Anti-Trump protests continue to sweep US cities and campuses
2 February 2017
On Tuesday and Wednesday, protests continued across the US against the policies of the twelve-day-old administration of Donald Trump.
The demonstrations, which have taken place in scores of cities and towns, as well as airports and college campuses, have in recent days become increasingly focused on the new administration’s attack on democratic rights, including its executive edicts attacking immigrants and refugees and Trump’s nomination of the far-right figure Neil Gorsuch to replace the Supreme Court seat vacated by the death, one year ago, of Antonin Scalia.
Large protests against Gorsuch’s nomination assembled in New York and Washington, D.C. on Tuesday evening, almost simultaneous to Trump’s announcement. The demonstration in Washington surrounded the Supreme Court building. In New York, protesters marched on Trump Tower, where 11 were arrested, including Gwen Carr, mother of the late Eric Garner, who was murdered by New York City police in 2014 for selling individual cigarettes on the street.
Also in New York, more than 3,000 demonstrators descended on the luxury apartment complex which is home to Democratic Senate Minority Leader Chuck Schumer, to protest his complicity in ushering through Trump’s ultra-right cabinet picks.
The protesters shouted slogans against the senator, who has himself cast votes for several of Trump’s nominees, and held signs reading “Get a spine, Chuck.” Interviewed by the media, one protester said of Schumer that he is “bought and paid for by Goldman Sachs.”
The threat of large scale protests forced the cancellation of a scheduled Trump visit to Milwaukee, Wisconsin on Thursday. Motorcycle manufacturer Harley-Davidson scotched the presidential tour through of one of its suburban Milwaukee plants, where Trump was slated to sign a new series of executive memoranda related to his trade war policies. In 2011, Wisconsin was the scene of a wave of protests involving hundreds of thousands in opposition to attacks on workers’ rights launched by Republican Governor Scott Walker.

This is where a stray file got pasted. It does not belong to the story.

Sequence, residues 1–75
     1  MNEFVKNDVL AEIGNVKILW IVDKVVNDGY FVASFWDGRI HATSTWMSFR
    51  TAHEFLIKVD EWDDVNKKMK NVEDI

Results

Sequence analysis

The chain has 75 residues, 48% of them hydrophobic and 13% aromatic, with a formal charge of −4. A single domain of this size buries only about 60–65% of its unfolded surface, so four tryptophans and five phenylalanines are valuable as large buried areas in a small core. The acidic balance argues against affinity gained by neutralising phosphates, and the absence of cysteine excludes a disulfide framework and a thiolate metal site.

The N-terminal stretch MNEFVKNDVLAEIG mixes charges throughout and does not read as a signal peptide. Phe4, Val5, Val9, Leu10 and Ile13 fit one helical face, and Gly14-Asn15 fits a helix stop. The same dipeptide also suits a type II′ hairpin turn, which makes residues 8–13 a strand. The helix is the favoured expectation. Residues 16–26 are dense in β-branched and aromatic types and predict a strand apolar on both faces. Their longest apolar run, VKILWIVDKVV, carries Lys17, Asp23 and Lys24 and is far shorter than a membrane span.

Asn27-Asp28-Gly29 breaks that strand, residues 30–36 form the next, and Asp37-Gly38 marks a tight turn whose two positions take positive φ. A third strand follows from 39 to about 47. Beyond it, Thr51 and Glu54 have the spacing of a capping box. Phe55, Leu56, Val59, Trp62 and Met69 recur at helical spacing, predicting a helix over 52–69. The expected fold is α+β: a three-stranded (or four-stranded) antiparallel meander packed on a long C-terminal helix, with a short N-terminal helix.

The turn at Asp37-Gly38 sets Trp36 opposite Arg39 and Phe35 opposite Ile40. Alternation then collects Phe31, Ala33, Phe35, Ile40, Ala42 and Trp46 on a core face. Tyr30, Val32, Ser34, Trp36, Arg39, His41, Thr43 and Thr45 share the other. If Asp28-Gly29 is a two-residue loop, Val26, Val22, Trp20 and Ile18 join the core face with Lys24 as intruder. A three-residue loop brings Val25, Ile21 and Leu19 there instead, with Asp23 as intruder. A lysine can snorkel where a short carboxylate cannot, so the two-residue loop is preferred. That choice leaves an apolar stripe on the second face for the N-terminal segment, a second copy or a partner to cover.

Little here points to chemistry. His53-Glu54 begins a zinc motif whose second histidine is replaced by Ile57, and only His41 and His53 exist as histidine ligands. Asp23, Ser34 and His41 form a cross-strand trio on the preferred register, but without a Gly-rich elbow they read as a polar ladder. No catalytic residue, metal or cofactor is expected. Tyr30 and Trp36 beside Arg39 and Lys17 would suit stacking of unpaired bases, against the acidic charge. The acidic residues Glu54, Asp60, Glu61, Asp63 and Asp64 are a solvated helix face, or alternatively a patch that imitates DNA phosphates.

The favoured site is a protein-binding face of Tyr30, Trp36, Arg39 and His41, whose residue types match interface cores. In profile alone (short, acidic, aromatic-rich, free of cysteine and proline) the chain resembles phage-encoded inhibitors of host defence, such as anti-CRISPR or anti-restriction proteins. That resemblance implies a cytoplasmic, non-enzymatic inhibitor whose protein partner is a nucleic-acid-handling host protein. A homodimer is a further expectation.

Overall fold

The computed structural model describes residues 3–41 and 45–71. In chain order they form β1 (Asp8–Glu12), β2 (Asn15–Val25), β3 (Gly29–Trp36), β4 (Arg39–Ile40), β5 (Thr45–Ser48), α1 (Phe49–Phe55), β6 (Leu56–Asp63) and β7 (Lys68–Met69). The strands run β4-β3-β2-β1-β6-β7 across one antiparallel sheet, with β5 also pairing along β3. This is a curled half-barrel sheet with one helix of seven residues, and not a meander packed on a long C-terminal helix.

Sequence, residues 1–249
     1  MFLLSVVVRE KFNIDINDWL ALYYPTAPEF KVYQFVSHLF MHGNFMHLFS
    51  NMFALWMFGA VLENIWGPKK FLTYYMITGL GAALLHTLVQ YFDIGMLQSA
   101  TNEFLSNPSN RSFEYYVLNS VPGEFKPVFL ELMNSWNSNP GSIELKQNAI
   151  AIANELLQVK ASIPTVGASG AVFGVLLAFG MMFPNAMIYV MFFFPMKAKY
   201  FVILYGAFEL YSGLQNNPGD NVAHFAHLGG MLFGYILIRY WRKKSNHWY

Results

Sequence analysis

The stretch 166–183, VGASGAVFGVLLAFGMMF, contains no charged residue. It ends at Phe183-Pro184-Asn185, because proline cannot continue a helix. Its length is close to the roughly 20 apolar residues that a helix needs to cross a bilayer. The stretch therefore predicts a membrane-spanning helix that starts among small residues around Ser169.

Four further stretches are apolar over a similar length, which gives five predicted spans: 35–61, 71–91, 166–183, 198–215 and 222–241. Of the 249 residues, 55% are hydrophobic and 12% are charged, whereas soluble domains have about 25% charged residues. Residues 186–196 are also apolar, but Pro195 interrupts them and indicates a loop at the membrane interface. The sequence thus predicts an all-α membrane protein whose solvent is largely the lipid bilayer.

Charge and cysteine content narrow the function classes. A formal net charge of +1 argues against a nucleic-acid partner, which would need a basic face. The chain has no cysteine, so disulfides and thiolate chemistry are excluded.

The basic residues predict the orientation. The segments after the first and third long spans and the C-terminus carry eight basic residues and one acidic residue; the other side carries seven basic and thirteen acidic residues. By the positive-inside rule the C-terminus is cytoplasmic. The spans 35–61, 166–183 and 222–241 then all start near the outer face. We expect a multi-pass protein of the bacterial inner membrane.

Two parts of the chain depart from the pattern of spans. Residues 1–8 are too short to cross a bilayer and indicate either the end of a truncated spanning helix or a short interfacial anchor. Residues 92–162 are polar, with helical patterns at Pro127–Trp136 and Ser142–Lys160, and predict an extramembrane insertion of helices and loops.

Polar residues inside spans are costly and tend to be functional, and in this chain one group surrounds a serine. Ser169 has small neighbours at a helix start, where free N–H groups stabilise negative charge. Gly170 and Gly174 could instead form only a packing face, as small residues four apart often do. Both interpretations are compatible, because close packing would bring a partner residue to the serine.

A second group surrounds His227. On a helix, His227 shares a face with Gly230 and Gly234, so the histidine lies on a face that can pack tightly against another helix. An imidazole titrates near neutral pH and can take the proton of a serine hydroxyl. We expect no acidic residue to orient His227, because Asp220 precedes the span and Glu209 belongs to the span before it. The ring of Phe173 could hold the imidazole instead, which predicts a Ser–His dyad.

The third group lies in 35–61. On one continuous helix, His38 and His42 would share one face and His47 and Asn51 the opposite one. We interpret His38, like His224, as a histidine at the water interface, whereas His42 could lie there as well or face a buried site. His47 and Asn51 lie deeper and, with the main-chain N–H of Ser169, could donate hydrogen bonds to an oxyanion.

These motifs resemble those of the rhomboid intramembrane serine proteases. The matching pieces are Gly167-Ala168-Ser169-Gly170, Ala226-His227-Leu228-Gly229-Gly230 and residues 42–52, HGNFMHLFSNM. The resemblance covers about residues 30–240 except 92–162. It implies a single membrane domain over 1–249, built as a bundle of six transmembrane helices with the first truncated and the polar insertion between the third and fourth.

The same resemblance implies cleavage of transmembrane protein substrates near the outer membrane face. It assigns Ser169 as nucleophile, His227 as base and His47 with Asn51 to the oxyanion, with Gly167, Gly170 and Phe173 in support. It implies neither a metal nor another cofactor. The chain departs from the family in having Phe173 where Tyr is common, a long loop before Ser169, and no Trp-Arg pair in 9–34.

In neighboring Minnesota, a crowd estimated at between 5,000 and 15,000 marched through downtown Minneapolis on Tuesday to oppose Trump’s executive orders banning refugees and attacking immigrants.
The event was originally sponsored by a local anti-war group, but news of the demonstration spread on Facebook and social media. The march eventually forced the closure of several city blocks near the Minneapolis Federal Building. The Twin Cities of Minneapolis and St. Paul are home to about one-third of the roughly 80,000 immigrants from Somalia in the US, one of the seven countries targeted by Trump in his immigration ban.
Hundreds of Worcester, Massachusetts, residents crowded around City Hall on Tuesday evening to protest against a city councilman’s proposal that Worcester abide by Trump’s federal orders, which would effectively end its status as a “sanctuary city.” Also on Tuesday evening, over 1,000 demonstrated outside of the Norwich, Connecticut, City Hall.
On Wednesday, a crowd estimated at over 1,000 demonstrated outside City Hall in Portland, Maine. Protests estimated in the hundreds also took place at Tennessee rallies in Nashville and Murfreesboro, with the common slogan “no ban, no wall, no mass deportations.” Another demonstration took place in Johnson City, Tennessee.
Also on Wednesday, hundreds demonstrated in Clayton, Missouri, outside the offices of Republican Senator Roy Blunt, against Trump’s immigration ban and his nomination of Gorsuch to the Supreme Court. In Hazleton, Pennsylvania, about 30 demonstrated at the offices of the anti-immigrant chauvinist, Representative Lou Barletta, a Trump loyalist. More than 100 demonstrated in Clove City, California, near the office of Rep. Devin Nunes. In Chicago, over 200 protested outside of the offices of the Department of Homeland Security.
Workers at telecommunications giant Comcast have organized a walkout against the Trump immigration ban, to take place today in Philadelphia, Washington D.C., New York City, and Sunnyvale, California. In response to an employee petition, which had 1,200 signatories by Wednesday afternoon, Comcast announced that employees who leave work will not be docked pay.